Of course, these rate hikes might help with SS-revenue generation if more business owners create revenue-generating jobs, rather than just investing in stock buybacks. If Keynesian-financed consumption slows due to interest-rate hikes, it’ll be good for fiscal solvency, but if people stop spending too much, it could backfire for job creation. Lower sales means less jobs for plebes.

In reply to by gatorengineer

gatorengineer Endgame Napoleon Wed, 06/13/2018 - 15:41 Permalink

I dont disagree with your premise except one part.  For businesses to create jobs, whether it be slinging a $6 beer, or a Billion dollar refinery upgrade, there has to be demand, and there simply isnt.  There is no next big thing comming or in the pipe line to drive it.  Instead we are seeing an increase in productivity due to automation which is eliminating jobs, which decreases money people have to spend which decreases demand....  We are in a negative feedback loop which only can be broken by seismic change.  One of those changes would be deporting 30million or so illegals, and quashing the H1b Program which would force wages up.....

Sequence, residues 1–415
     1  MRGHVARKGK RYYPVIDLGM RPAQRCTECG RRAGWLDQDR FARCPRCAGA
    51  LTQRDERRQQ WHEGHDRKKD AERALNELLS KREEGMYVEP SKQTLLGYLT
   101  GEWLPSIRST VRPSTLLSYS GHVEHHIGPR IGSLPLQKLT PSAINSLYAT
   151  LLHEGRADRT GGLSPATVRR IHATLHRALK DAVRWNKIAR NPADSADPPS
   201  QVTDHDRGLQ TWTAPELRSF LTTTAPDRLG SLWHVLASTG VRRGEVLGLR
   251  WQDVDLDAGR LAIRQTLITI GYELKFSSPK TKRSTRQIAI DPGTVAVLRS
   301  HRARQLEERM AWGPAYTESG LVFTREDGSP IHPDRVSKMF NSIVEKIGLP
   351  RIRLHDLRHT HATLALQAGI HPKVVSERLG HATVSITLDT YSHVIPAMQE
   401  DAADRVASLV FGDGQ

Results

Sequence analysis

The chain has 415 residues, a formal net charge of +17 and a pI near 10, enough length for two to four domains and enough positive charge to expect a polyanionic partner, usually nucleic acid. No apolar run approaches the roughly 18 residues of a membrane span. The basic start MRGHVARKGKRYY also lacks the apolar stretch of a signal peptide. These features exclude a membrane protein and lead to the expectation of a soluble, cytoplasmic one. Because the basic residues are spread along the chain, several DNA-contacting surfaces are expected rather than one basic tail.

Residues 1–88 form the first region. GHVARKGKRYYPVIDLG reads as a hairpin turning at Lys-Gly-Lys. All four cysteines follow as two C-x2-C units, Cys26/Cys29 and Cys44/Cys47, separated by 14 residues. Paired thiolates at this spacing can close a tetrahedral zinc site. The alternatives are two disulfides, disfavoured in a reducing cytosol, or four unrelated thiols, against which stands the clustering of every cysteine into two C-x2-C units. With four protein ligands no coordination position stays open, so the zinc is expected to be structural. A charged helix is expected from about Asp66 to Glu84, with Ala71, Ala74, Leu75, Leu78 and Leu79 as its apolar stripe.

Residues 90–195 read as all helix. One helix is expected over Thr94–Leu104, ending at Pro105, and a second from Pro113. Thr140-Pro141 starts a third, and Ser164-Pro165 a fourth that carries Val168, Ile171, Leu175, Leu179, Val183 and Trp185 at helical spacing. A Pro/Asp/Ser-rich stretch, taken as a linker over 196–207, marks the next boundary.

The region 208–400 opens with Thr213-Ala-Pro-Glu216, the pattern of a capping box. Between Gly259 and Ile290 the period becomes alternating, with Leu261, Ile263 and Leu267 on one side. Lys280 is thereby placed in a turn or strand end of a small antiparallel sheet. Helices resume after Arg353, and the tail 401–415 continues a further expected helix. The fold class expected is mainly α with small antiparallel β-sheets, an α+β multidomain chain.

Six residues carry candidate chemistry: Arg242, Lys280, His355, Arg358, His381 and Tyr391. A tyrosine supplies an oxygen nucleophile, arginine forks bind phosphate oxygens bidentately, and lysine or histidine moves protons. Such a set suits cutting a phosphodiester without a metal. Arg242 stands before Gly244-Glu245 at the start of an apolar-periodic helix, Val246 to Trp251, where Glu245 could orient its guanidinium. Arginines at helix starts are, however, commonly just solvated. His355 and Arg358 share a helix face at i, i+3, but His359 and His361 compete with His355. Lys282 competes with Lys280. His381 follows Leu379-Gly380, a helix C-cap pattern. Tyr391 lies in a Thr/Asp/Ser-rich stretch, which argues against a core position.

In reply to by Endgame Napoleon

Endgame Napoleon Troy Ounce Wed, 06/13/2018 - 15:34 Permalink

....except all of the Tylers and all of the bloggers aggregated onto this site.....

The MSM is oblivious to it. They are paid so much that interest-rate hikes are just pocket change. 

And MSMers have never cared about the penny arcade, posing as a labor market. 

MSMers act like federal employees with civil service status, unworried about the job market tumult since they’ll get their $80k raised up, regardless of what the FED does.

In reply to by Troy Ounce